We all like to think of ourselves as moral beings, possessing a natural ability to separate good from evil. However, science points to some glaring flaws in our moral code. For instance:
- A recent study published in the British Journal of Psychology found that immoral behavior is often permitted, even encouraged, in cases where the perpetrator has been the victim of unjust or unjust behavior in the past. This tendency to allow “compensatory” immoral behavior can, in some cases, cause a chain reaction of immoral behavior.
- Another recent study led by Rachel Forbes of the University of Toronto published in the Journal of Personality and Social Psychology found that people are (unsurprisingly) lenient when it comes to loved ones behaving in immoral ways. “Given our reliance on those we care about, it’s far less costly to avoid seeing a loved one negatively even in the face of their bad behavior,” Forbes says.
These two results help explain why we often fail to control ourselves when it comes to doing the right thing. But that doesn’t mean we can’t improve. Here are three practical strategies to help you stay true to your morals in difficult circumstances.
Strategy 1: Make your moral standards unambiguous
Holding to a well-defined set of moral standards allows us to be honest and self-respecting individuals. Our moral standards can also help us form valuable relationships with others.
Being loose with our morals, while it may benefit us in the short term, can cause us guilt and shame in the long term, which could lead to serious psychological issues such as anxiety and depression.
When faced with difficult choices, our morality can guide us in making decisions for the greater good even if it doesn’t immediately benefit us.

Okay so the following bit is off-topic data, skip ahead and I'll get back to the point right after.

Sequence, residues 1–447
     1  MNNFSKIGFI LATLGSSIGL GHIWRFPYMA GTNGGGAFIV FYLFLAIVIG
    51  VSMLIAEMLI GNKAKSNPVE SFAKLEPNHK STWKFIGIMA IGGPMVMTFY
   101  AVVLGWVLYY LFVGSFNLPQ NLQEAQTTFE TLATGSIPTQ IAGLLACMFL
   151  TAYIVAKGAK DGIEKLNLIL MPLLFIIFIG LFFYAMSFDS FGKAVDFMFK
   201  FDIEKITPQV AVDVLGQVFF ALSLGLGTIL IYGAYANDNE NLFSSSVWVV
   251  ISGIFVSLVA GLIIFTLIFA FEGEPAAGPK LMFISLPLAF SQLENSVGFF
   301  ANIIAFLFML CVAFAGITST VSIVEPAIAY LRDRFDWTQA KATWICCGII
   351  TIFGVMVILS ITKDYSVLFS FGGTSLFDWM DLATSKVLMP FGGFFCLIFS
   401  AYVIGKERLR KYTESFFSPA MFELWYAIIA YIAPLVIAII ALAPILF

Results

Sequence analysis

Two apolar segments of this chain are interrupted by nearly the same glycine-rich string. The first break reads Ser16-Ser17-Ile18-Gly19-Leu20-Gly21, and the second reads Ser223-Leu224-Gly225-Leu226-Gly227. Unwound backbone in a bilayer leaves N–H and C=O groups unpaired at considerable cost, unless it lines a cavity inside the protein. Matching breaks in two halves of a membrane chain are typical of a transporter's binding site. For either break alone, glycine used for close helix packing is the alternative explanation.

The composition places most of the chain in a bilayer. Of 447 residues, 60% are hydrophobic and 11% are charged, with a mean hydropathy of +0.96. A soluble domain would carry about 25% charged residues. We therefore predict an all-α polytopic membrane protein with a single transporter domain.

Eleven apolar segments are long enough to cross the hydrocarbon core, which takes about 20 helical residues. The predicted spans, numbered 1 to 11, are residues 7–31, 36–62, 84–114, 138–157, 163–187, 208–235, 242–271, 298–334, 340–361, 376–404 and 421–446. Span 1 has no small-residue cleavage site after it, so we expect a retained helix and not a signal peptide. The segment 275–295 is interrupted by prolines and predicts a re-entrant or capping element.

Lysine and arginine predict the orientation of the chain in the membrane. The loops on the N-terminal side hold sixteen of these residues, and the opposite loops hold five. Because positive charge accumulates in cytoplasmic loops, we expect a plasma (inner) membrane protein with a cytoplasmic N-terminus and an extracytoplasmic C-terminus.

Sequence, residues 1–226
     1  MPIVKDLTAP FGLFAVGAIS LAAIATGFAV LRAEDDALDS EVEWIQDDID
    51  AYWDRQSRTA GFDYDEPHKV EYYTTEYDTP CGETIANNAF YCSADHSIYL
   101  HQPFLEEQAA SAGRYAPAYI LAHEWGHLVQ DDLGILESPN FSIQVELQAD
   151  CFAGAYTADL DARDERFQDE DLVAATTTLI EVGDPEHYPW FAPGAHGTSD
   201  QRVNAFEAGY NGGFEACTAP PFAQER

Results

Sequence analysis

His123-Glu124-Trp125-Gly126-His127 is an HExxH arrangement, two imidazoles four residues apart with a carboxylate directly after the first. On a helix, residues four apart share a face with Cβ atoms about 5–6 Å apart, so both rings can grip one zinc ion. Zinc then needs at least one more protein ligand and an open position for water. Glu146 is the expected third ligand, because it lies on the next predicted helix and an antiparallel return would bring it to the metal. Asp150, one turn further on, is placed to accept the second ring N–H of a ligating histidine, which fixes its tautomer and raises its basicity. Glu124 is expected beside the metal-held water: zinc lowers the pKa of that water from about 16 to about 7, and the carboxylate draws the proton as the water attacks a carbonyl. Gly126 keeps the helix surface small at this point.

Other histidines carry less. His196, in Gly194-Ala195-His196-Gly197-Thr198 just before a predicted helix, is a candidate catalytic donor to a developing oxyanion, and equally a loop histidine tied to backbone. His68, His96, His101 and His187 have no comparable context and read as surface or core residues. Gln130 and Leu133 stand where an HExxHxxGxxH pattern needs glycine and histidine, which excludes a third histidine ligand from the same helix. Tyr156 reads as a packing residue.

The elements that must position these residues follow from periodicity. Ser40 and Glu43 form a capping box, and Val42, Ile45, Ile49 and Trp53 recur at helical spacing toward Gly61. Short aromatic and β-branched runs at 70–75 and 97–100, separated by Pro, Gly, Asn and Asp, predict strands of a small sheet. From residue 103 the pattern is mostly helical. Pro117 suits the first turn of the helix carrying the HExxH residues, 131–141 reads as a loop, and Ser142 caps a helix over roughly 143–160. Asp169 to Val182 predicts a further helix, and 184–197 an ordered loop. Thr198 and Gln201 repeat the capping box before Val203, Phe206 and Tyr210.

Gaining clarity about what you believe to be right and wrong can help resolve any moral dilemmas you face.
Strategy 2: Be the one to break the chain of abuse
We often have no qualms about being mean to someone who is mean to us. However, like kindness, abuse can have a long-lasting effect and can sometimes be passed on to innocent people.
These innocent people, who have now been abused, will then pay other innocent people for it, causing a cycle of immorality that can be difficult to break.
When faced with a moral dilemma and the “wrong” option seems easier even though it may hurt an innocent person, ask yourself if you have the ability within you to “break the chain.”
Having someone do the right thing despite past circumstances is a great sign of moral fiber. This will not only allow you to stick to your morals, but could also deter others from future immoral behavior, ending a possible chain reaction of unfair acts.
Strategy 3: Do not water down your moral standards based on circumstantial factors
We are more likely to excuse the immoral actions of people we care about than people we don’t know, even though we know deep down that it violates our code of ethics. This often takes the form of attributing the poor behavior of other loved ones to situational factors (e.g. “he had a bad day”, “he was under a lot of stress”, etc.) rather than internal factors. trait-based (e.g., “he’s a vengeful person”). With strangers, we tend to do the opposite.
Try to resist this urge. Instead, do your best to rate everyone, friends and strangers, on the same scale.
Each of us has a unique and well-defined set of morals by which we live. It is crucial, for our own well-being and the stability of society as a whole, that we examine these mores from time to time and make changes to keep our moral code as consistent as possible.